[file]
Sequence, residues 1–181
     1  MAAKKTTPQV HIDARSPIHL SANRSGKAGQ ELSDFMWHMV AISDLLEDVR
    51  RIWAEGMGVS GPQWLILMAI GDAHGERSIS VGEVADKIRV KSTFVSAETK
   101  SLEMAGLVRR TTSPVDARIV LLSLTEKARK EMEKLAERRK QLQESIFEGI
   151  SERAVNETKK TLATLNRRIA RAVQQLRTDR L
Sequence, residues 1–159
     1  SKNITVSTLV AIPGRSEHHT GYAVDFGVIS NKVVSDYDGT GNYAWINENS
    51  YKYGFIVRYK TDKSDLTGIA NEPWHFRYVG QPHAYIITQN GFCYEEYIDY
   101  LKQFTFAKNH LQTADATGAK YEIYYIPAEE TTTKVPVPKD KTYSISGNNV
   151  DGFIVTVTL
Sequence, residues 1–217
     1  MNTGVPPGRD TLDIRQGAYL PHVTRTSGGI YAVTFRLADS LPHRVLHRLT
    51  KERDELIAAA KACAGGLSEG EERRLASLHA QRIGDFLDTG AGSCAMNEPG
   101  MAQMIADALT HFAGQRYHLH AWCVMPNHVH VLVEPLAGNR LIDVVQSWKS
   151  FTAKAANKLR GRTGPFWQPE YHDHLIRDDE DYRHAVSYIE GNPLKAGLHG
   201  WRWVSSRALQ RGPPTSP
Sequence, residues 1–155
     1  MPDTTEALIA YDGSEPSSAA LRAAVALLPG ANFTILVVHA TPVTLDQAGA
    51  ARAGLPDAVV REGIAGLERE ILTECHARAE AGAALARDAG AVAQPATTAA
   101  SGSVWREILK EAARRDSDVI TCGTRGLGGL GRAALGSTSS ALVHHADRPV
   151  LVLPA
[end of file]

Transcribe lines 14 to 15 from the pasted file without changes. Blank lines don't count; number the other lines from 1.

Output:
   101  MAQMIADALT HFAGQRYHLH AWCVMPNHVH VLVEPLAGNR LIDVVQSWKS
   151  FTAKAANKLR GRTGPFWQPE YHDHLIRDDE DYRHAVSYIE GNPLKAGLHG